The contents may have been wet and soggy but there was still plenty to be found inside a 25-year-old time capsule which was lifted at Toko School last Tuesday.

Students let out an excited gasp when the large metal capsule was pulled out of the ground but were disappointed to find most of the contents laden with water.

Upon closer inspection an old ruler and pen were found to be intact and although the maths workbook and dictionary were unsalvageable, many of the handwritten letters were still legible.

Iain Sextus and Margaret Mason unearth the time capsule.
Iain Sextus and Margaret Mason unearth the time capsule.

The school is holding its 125 year jubilee at Easter weekend and the time capsule was lifted early so the school could organise displays of what was found.


Toko School and District 125th Jubilee Committee chairwoman Margaret Mason helped pull the contents out of the capsule and took time to carefully peel a part the stories and letters which were all stuck together.

School principal Kim Waite says although it was disappointing to see the contents so damaged, the school had a good sense of what was in there which is the most important thing.

Some of the profiles written by Toko School students in 1993.
Some of the profiles written by Toko School students in 1993.

She says they would look at the capsule's contents and decide what kind of things the students would put in their own to capsule, ready to be put down later in the year.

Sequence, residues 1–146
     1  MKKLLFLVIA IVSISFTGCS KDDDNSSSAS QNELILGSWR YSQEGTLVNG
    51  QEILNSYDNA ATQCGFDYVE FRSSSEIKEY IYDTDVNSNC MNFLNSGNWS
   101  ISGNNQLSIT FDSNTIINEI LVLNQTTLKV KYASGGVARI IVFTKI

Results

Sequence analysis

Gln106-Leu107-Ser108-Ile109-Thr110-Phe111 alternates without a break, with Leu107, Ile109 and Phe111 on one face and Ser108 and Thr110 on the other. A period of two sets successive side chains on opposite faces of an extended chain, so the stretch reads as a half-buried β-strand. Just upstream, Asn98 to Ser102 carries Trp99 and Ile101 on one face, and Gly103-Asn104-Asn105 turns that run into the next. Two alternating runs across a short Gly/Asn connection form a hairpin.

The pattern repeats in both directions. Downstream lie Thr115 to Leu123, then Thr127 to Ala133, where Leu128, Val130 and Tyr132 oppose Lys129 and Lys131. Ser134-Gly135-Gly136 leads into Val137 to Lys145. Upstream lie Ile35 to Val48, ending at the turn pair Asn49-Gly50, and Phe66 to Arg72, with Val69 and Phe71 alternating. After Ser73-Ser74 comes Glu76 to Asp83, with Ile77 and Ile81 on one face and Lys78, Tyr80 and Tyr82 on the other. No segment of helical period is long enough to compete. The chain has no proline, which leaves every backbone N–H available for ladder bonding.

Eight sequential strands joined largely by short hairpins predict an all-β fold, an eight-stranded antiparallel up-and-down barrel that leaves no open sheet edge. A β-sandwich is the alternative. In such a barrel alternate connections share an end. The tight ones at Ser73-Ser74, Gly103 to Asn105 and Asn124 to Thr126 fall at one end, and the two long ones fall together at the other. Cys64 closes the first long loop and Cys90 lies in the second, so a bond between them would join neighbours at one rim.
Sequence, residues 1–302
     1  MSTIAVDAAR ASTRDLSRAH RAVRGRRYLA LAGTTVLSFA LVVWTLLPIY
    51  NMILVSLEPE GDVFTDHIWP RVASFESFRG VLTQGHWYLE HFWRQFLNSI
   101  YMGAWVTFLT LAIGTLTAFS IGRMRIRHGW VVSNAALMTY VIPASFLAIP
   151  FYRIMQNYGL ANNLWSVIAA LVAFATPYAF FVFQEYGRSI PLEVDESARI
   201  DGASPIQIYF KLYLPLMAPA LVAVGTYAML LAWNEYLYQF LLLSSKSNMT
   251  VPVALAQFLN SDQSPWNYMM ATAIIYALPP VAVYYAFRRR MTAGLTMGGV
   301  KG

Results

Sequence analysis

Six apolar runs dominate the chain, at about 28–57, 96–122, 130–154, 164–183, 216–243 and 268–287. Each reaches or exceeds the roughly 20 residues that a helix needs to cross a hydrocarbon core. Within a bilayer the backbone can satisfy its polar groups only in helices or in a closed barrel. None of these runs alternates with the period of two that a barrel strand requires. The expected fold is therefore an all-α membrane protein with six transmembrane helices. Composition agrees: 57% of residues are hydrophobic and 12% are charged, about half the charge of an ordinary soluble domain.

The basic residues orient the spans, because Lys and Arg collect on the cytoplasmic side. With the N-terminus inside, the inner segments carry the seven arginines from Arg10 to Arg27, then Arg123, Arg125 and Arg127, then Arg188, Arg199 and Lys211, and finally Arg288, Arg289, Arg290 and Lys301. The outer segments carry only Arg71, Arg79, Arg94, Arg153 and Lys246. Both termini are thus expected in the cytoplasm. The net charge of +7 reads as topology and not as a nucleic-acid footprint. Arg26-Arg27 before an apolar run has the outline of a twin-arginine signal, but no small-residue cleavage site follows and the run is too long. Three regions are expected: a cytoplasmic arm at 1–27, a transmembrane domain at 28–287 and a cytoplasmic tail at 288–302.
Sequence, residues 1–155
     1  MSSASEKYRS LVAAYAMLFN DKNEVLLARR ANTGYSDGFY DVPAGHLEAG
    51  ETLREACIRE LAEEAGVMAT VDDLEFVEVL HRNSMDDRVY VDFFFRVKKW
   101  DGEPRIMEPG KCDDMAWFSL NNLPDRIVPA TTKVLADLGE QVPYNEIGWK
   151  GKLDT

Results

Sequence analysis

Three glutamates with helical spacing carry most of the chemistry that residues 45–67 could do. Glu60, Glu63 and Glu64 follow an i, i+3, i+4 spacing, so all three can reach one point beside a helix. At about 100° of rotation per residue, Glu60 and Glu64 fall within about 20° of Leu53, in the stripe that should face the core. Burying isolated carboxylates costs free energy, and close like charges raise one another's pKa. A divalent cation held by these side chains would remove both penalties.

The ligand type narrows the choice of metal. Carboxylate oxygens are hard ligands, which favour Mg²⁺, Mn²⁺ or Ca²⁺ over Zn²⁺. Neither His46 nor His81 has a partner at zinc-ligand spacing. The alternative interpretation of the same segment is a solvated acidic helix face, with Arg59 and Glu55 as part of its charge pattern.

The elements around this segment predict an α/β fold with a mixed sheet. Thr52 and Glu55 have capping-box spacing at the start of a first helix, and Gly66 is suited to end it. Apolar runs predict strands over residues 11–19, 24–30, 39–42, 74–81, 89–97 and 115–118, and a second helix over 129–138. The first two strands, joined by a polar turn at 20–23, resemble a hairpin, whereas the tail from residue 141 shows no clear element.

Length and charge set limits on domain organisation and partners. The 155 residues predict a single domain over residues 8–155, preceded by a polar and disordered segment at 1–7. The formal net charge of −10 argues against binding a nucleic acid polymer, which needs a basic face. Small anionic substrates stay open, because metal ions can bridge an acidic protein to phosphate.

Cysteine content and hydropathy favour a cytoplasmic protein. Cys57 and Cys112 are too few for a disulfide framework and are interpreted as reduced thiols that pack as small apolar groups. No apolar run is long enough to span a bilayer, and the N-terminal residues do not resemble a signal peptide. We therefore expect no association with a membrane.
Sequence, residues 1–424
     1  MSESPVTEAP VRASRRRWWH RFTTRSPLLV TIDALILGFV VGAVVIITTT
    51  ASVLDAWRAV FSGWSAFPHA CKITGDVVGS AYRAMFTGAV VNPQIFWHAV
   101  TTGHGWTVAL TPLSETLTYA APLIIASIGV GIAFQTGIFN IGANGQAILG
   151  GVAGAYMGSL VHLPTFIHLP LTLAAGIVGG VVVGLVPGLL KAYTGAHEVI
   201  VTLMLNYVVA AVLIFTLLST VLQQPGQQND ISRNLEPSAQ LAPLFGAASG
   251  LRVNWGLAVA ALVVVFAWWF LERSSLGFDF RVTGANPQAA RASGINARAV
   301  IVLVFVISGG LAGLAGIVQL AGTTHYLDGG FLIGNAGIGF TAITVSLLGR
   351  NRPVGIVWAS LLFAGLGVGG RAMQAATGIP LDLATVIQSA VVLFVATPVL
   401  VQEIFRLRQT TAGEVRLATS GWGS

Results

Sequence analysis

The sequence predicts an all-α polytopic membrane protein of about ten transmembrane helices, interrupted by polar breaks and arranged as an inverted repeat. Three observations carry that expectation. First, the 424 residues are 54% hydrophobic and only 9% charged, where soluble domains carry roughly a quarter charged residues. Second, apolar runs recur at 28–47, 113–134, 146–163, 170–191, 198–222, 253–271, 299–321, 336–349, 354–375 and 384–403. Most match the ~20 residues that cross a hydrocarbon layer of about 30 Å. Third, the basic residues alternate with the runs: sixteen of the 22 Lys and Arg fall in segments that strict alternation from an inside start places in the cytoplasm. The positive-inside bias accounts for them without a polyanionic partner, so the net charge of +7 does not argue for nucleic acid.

Kim says the contents will be dried out and the school would figure out how to improve on the next time capsule.

Past student Kathryn Johnson (nee Monk) was 10 when she wrote a letter about her life which was placed in the time capsule.

Kathryn wrote that she wanted to either be a nun, artist, a vet or nurse when she grew up. She is now a nurse with three children who lives near Omata. She told the Stratford Press it seemed like yesterday that her class wrote the letters.

"It is really cool and brought back loads of memories ... even though it seems like 1993 was only a few years ago."

Jan Worthington was a teacher in Room One at the time and says she remembers every child at the school contributing something towards the time capsule. "I feel a bit disappointed but when it's dried out it will become more meaningful — we didn't have snaplock bags back in those days. It brings back a lot of memories."


Neville Cleland attended the school in the 1940s and his father used to be on the school committee.

His family has been connected with the school since it opened in 1893.